Our inspirations were, to a large extent, the work being produced by our near-contemporaries. This was the era of Bailey/Donovan/Duffy/McCullin, all young photographers who had started to gain a reputation. We kept a close watch on Vogue and its competitors, where all editorial photographs were credited. And anywhere that good quality advertising and editorial photography was appearing, which meant, to a large extent, the USA. So we relied heavily on the library, since most of us couldn't afford to buy these expensive magazines. As I remember it, we didn't take any interest in photography magazines, only in published work. And I can't remember going to an exhibition.

 

My general impressions of the course are entirely positive. It was, I think, for its time, exceptionally wide-ranging in its content, and in the way that it introduced extra-photographic elements (such as life drawing), the results of which were a positive influence on me in my subsequent career as photographer and teacher.

 

David Stone



Damian Hughes said:

Thanks for this David. May has mentioned the London School course. Do you have any information on course content? Was the course very technical, documentary, photojournalistic or aesthetic in outlook?
Also, I would be interested in your impressions of what aspiring photographers were looking at in the late 1950s, early 60s. What made you and your fellow students 'sign up' for photography. Did you all look at other photography - if so where did you find it? Exhibitions? Magazines? Which magazines?

Jack Tait

1.Guildford was the prime creative course unlike Regent street which was technical. It did teach some City and Guilds courses and also offered an Agfa Colour Printing certificate. But its main emphasis was on the creative side, C+G qualifications were of little value  in getting a job taking pictures.

.2 Ifor did not go to Farnham he had died before the move. Rita has the fullest and probably the best detail on this.

3. Walter Nurnberg ran the Guildford course for a while; he was a good friend of Ifors. Again check with Rita, she has the research.

Jack Tait

For anyone following this forum thread please also see this blog posting and associated files: http://britishphotohistory.ning.com/profiles/blogs/postwar-photogra...

 

Hi Damian,

Just curious as to how you are progressing with your research. Particularly re. Rita's info July 26th

Jack Tait

Two suggestions: 1 You might try contacting Richard Sadler if you have not already done so - if you don't have contact details, ask and I'll forward request to him. 2. The Royal Navy Photography schools operating in this period (and for many years before) should not be forgotten, ex Navy phots went on to both teach in colleges and practice professionally.

You really should speak to my father, Brian Edwards. Born partially sighted in 1938, he attended Exhall Grange school in Coventry, where he expressed an interest in film and photography. While they built him a darkroom, they sent him to the Birmingham school of art, every Wednesday. He then did an apprenticeship and went on to work as a professional photographer until he retired and took up video making (which he still does, despite being registered blind!) He is a mine of information and really worth talking to!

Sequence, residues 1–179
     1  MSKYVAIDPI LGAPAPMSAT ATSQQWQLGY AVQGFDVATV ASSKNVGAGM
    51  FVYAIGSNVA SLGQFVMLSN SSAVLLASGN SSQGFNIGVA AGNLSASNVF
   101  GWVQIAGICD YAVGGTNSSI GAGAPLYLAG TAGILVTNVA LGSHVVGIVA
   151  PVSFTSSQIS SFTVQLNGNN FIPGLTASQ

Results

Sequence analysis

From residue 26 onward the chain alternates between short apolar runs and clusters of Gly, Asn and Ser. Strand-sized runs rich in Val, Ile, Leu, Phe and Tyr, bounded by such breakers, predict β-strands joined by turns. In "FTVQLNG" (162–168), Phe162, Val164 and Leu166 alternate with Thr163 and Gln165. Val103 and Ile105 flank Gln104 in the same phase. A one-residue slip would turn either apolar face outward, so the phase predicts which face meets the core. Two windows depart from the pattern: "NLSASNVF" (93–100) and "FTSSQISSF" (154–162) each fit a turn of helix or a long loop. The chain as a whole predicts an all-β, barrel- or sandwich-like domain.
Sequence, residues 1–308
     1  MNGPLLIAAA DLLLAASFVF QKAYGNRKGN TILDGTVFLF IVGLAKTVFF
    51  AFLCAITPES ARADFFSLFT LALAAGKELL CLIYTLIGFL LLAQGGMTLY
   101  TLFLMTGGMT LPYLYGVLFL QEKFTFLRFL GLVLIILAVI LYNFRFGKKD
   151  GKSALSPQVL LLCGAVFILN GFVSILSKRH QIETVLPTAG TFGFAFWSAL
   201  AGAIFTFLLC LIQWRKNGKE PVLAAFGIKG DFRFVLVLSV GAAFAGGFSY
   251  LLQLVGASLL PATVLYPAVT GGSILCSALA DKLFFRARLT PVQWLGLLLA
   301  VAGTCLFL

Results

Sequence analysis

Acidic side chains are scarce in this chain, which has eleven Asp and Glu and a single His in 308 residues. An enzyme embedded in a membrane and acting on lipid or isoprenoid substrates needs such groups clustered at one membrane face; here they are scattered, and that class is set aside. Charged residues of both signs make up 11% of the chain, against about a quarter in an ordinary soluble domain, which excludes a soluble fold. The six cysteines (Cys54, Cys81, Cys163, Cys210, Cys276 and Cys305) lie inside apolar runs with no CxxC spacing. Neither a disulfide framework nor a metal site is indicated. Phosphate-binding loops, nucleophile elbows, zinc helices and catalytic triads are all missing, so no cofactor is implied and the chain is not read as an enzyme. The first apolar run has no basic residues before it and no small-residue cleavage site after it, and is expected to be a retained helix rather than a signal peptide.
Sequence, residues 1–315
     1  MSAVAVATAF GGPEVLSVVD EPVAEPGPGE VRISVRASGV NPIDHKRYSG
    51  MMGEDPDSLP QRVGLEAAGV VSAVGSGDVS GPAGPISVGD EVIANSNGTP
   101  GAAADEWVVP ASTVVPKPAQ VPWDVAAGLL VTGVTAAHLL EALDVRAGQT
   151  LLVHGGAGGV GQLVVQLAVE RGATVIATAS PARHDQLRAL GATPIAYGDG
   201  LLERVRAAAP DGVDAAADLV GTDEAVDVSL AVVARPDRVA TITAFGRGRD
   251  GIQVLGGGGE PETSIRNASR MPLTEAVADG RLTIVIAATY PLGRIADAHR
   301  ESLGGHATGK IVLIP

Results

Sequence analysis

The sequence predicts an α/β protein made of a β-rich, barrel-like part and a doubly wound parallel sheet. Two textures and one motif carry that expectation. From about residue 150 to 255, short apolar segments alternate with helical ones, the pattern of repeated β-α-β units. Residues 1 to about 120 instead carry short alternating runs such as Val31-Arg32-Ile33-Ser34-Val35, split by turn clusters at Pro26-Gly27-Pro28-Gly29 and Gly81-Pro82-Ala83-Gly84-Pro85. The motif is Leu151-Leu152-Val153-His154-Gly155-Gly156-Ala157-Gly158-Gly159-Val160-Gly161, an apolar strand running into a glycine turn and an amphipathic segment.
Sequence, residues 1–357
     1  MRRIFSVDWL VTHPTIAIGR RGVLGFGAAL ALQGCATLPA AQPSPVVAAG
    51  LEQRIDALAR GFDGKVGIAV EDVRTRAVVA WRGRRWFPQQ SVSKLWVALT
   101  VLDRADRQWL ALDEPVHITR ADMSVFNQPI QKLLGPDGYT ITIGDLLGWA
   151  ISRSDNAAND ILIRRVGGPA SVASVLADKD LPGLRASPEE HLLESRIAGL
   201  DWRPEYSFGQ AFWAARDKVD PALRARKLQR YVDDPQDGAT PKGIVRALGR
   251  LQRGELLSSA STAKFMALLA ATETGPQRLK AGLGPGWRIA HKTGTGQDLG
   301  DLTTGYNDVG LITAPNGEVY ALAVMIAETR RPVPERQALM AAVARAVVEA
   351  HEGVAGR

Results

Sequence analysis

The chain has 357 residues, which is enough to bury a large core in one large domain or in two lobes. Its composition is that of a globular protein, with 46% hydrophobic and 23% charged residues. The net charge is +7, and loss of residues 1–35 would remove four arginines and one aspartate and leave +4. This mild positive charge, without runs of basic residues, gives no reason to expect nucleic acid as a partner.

British Photographic Education 1945-60

The School of Art within the then South West Essex Technical College, in Forest Road Walthamstow, ran a two year course starting before 1953 – I started in September of that year, and the course had been running for some time before. In 1953 the course was headed up by Tony Basil with Henry Lewes (I take it Rita Tait has the correct spelling) as the only other lecturer. The course was designed (perhaps a generous term) for the then IBP (since then becoming, as I'm sure you know, the IIP and then later the BIPP) Preliminary at the end of the first year of full time study and the Intermediate at the end of the second. As Rita Tait says, Ken Russell was a student at Walthamstow but had, I think, officially left at the end of the academic year 1952/3. He was, however, frequently in college, being toroughly entertaining and making frequent use of the darkroom, with the blessing of both Tony Basil and Henry Lewes it should be added. Tony Basil left the college in the summer of 1954 and Henry Lewes took over. Julian Sheppard then joined the staff.

Of course you will know about the Regent Street Poly. In addition to its full time students, it catered for many evening students in those day, well into the 1960s and perhaps beyond. There was a course at Ealing somewhere (seems to be part of U of Westminster now) and Blackpool must have got under way quite soon.

Syllabuses etc. IBP(IIP etc.) medical (London School of Medical Photography began operation around this time) and, as well as the commercial, I believe there was a 'scientific and technical' final. There may have been others.

I joined Watford College of Technology in 1962 and I am fairly sure that there was a well-established photography course running then, which would have started in the period in which you are interested. This would have been in the Hempstead Road site.

I have no contacts from that period, but you could try the library or Watford public library to see if they have any old prospectuses.